pugio

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English[edit]

Reconstructed Roman pugio.

Etymology[edit]

From Latin pugiō.

Noun[edit]

pugio (plural pugios)

  1. a dagger, poignard, especially the kind used by the Ancient Romans.
    • 1786 — Francis Grose, A Treatise on Ancient Armour and Weapons, page 34.
      The Pugio or Dagger was used by the Romans, a species of that weapon called the Hand Seax was worn by the Saxons, with which they massacred the English on Salisbury Plain in 476.

Latin[edit]

Etymology[edit]

From Proto-Indo-European *pewǵ-, same source as Ancient Greek πυγμή (pugmḗ, fist).

Pronunciation[edit]

Noun[edit]

pugiō m (genitive pugiōnis); third declension

  1. a dagger
    • c. 100 CE – 110 CE, Tacitus, Histories 4.29
      multos in moenia egressos pugionibus fodere.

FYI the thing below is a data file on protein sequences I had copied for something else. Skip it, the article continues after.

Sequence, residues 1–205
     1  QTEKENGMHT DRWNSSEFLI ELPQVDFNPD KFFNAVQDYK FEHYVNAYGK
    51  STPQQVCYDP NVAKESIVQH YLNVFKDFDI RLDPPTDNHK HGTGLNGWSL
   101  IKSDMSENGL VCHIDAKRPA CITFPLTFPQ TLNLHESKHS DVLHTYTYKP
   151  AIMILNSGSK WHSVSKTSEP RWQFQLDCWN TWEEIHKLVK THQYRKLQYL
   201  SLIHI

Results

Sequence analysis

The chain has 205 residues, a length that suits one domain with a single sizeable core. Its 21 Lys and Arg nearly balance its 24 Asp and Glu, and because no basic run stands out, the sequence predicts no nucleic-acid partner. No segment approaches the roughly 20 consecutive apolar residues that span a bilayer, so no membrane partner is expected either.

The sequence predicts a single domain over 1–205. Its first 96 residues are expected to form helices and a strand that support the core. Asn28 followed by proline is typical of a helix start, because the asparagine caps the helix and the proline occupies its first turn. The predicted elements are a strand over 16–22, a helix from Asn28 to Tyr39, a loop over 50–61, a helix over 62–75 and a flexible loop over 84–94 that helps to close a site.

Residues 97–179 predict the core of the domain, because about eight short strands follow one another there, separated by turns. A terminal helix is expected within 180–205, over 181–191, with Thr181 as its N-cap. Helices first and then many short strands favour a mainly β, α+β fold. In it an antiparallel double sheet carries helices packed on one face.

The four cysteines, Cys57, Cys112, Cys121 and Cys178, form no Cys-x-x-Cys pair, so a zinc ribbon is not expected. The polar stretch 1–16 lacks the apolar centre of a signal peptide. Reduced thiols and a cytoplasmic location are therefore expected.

Many, who had struggled on to the walls, with their short swords they stabbed.

Inflection[edit]

Third declension.

Case Singular Plural
nominative pugiō pugiōnēs
genitive pugiōnis pugiōnum
dative pugiōnī pugiōnibus
accusative pugiōnem pugiōnēs
ablative pugiōne pugiōnibus
vocative pugiō pugiōnēs

Derived terms[edit]

Descendants[edit]

References[edit]

  • pugio in Charlton T. Lewis and Charles Short (1879) A Latin Dictionary, Oxford: Clarendon Press
  • pugio in Charlton T. Lewis (1891) An Elementary Latin Dictionary, New York: Harper & Brothers
  • du Cange, Charles (1883), “pugio”, in G. A. Louis Henschel, Pierre Carpentier, Léopold Favre, editors, Glossarium Mediæ et Infimæ Latinitatis (in Latin), Niort: L. Favre
  • pugio” in Félix Gaffiot’s Dictionnaire Illustré Latin-Français, Hachette (1934)
  • pugio in Harry Thurston Peck, editor (1898) Harper's Dictionary of Classical Antiquities, New York: Harper & Brothers
  • pugio in William Smith et al., editor (1890) A Dictionary of Greek and Roman Antiquities, London: William Wayte. G. E. Marindin